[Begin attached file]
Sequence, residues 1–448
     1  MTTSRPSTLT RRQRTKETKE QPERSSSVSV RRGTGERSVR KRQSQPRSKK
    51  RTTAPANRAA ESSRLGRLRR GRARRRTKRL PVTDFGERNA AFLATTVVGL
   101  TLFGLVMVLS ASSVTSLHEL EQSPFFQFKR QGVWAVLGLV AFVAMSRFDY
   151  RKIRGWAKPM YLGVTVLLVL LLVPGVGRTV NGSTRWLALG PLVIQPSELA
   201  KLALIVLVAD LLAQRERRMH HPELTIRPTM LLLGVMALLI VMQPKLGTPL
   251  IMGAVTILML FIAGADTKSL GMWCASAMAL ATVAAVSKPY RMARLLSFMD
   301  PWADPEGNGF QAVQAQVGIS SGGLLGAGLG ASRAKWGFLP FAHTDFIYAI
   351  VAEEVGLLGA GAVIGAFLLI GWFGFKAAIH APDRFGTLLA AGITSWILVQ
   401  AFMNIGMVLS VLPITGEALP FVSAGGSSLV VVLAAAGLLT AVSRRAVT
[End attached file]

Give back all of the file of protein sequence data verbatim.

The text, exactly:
Sequence, residues 1–448
     1  MTTSRPSTLT RRQRTKETKE QPERSSSVSV RRGTGERSVR KRQSQPRSKK
    51  RTTAPANRAA ESSRLGRLRR GRARRRTKRL PVTDFGERNA AFLATTVVGL
   101  TLFGLVMVLS ASSVTSLHEL EQSPFFQFKR QGVWAVLGLV AFVAMSRFDY
   151  RKIRGWAKPM YLGVTVLLVL LLVPGVGRTV NGSTRWLALG PLVIQPSELA
   201  KLALIVLVAD LLAQRERRMH HPELTIRPTM LLLGVMALLI VMQPKLGTPL
   251  IMGAVTILML FIAGADTKSL GMWCASAMAL ATVAAVSKPY RMARLLSFMD
   301  PWADPEGNGF QAVQAQVGIS SGGLLGAGLG ASRAKWGFLP FAHTDFIYAI
   351  VAEEVGLLGA GAVIGAFLLI GWFGFKAAIH APDRFGTLLA AGITSWILVQ
   401  AFMNIGMVLS VLPITGEALP FVSAGGSSLV VVLAAAGLLT AVSRRAVT